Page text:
Yuval Levin is one of the right's brightest intellectual stars. He has written intelligently on many subjects and although I don't know him, he seems the kind of person conservatism will need if it is to recover. So imagine how one feels reading a paragraph like the following:
Democrats, as the president’s chief of staff Rahm Emanuel explained in 2008, have sought to use the ongoing economic crisis to achieve all kinds of unrelated goals: health care policy they have craved for decades, environmental policy that has little to do with the economy, more protections for unions, a greater role for government in the financial and automotive sectors, and on and on.
The health-care plan to provide access to insurance for the tens of millions was a clear part of Obama's election campaign. It eschewed the left's dream - single-payer - and eliminated a public option. It was supported by the drug and insurance companies. It needs constant monitoring and improvement if it is to control costs, but it has set up a market in insurance that could be a model for future conservative innovation. It strongly resembles Mitt Romney's legacy in Massachusetts. None of this was snuck through in the stimulus package described by Rahm Emanuel's infamous aside. It was the result of almost two years of painful attempts at some kind of bipartisan agreement. It reduces the deficit over the long run if the CBO is to be believed - unlike the unpaid for, budget-busting Medicare D that Bush and Cheney foisted on the next generation.
Yuval then writes the befuddling phrase: "environmental policy that has little to do with the economy." In fact, as we know, no gains have been made in curtailing climate change, unless you include some of the green energy components in the stimulus package, and Obama's biggest gesture was to endorse off-shore oil-drilling, to make his environmental policy close to identical to John McCain's. Climate change legislation - cap-and-trade - didn't occur, but even there, that strategy is designed to minimize disruption to markets and came from the right, not the left in the 1980s and 1990s. Again, Yuval makes it seem as if this comes from nowhere, as if the evidence that America is being trounced by China in this vital new industry and if the climate isn't clearly veering toward unpredictable crises were phantasms of the mind.
Then: protection for unions. Again, there is no card-check legislation. It was not a priority. It was not snuck into the stimulus package.
Lastly "a greater role for government in the financial and automotive sectors." What you will notice is that there is no reference in any of this to the appalling economic circumstances Obama inherited which determined both policies. It's like describing FDR's policies as if the Great Depression never happened. What a leap toward Kenyan anti-colonialism that was. Indeed, in the Weekly Standard's headline "madness". Levin, of course, makes no reference to the deregulated chaos that precipitated the financial meltdown that created the worst recession since the Second World War ( or are Richard Posner and Alan Greenspan Kenyan anti-colonialists now as well?). And what Obama has done to rein in some of the abuses is relatively modest, wrought by such radicals as Tim Geithner and Larry Summers, to the consternation and contempt of the left. As for the auto companies, the emergency aid given has been a gleaming success with Detroit managing to turn things around far more quickly than most imagined. Ditto the banks, where the government may actually be making money off its bailout soon, just as GM is eager to sell off its government-owned stock to the private sector.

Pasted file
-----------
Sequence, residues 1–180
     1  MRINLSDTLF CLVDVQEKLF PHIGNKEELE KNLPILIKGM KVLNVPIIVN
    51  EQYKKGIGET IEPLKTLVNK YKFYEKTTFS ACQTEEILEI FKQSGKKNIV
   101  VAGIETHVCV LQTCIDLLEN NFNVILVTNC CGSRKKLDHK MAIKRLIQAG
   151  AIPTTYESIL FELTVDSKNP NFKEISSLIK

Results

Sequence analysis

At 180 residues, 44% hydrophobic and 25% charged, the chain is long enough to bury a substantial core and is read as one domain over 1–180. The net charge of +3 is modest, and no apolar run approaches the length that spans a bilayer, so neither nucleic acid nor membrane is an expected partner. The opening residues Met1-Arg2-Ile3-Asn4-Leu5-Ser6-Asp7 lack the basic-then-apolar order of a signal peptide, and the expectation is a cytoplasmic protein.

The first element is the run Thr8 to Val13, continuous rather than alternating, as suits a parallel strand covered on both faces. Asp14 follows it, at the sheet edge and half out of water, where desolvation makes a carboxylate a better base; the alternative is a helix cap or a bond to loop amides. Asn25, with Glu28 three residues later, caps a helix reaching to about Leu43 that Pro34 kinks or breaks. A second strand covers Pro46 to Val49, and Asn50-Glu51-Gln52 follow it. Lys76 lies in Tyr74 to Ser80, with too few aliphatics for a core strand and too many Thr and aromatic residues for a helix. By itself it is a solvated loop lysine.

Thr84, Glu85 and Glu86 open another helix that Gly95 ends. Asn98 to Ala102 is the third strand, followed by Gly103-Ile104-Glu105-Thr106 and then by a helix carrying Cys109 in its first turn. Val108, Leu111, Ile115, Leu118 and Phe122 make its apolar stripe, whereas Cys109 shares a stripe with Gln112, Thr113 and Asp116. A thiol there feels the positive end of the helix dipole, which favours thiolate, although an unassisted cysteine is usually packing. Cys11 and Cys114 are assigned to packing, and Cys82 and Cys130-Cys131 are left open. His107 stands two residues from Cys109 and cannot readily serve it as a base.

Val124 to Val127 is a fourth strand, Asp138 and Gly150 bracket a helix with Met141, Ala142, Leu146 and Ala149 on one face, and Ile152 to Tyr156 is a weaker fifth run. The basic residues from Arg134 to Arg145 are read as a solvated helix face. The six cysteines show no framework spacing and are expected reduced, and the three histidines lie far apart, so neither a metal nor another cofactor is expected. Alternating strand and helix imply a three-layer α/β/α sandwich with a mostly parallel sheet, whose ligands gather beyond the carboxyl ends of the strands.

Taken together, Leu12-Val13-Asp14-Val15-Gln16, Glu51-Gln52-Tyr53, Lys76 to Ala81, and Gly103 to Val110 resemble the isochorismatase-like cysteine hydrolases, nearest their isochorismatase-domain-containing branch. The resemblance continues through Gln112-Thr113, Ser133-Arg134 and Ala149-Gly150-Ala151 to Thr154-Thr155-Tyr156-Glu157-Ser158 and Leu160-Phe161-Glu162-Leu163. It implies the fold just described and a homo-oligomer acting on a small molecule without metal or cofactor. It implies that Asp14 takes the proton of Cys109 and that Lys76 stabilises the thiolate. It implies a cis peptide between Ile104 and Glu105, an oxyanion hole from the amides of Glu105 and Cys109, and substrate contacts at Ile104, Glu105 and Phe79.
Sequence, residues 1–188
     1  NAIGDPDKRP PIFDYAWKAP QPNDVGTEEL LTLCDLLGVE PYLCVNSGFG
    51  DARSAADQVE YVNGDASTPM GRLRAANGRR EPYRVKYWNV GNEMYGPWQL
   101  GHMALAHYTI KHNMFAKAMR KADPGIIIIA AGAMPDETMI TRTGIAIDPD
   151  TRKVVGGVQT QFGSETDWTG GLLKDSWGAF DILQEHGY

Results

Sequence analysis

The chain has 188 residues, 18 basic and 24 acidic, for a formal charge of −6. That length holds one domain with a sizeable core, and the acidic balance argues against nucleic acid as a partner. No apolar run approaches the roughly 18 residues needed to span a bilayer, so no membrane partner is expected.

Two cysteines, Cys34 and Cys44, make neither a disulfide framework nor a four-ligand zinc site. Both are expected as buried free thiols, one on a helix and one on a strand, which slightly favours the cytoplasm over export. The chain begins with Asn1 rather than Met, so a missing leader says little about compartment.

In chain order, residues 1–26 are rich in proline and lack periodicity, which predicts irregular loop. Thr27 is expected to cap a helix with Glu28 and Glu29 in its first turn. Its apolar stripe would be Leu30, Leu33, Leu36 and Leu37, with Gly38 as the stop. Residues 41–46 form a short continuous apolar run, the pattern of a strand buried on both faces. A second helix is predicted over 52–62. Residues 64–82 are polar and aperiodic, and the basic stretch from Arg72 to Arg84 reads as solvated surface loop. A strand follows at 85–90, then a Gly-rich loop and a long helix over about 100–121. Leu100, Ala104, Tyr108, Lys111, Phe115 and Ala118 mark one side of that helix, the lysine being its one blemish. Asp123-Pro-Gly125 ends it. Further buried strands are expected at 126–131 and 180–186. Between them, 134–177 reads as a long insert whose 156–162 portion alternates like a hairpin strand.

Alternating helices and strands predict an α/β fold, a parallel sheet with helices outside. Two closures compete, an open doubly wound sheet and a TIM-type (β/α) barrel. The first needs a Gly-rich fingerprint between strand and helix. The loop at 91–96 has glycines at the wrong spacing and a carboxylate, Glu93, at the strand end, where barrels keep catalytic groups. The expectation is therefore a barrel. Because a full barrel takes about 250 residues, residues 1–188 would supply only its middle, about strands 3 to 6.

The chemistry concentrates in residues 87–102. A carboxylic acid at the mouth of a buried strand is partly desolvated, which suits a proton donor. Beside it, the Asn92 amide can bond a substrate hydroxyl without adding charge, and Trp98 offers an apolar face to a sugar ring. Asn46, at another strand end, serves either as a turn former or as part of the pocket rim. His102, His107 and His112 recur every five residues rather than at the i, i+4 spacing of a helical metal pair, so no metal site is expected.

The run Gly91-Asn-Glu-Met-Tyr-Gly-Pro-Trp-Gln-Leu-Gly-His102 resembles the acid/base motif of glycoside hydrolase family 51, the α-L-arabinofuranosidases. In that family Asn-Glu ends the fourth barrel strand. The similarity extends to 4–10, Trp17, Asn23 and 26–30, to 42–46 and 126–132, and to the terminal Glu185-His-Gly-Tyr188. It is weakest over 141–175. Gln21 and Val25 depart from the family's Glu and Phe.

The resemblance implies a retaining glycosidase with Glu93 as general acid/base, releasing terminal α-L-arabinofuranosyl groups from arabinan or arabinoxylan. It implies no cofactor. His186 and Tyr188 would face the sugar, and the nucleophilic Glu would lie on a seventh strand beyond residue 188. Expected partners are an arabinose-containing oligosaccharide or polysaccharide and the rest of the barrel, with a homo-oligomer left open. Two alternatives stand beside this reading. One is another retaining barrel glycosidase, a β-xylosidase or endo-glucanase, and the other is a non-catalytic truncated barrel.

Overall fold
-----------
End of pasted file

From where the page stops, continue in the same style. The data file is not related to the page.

I leave behind Obama's refusal to prosecute war criminals, drastic escalation of the war in Afghanistan, continuation of Bush policies in Iraq, or disdain for advancing gay equality. This "madness" is presumably something the Republicans would continue.
All this Yuval knows. He is not a Beck or Palin with no grip on reality at all. And yet this is what the intellectual right at its best is now dedicated to: pure propaganda on the crudest old right-left axis, arguing that a recession caused in part by a Republican administration's neglect and in part by failed Republican policies can be rectified merely by Republican rule.
Again, I thought it would get worse before it got better on the right. But that we have propagandistic, intellectually dishonest dreck like this coming from their brightest stars - and that large swathes of the American public seem to be buying it - brings one close to despair.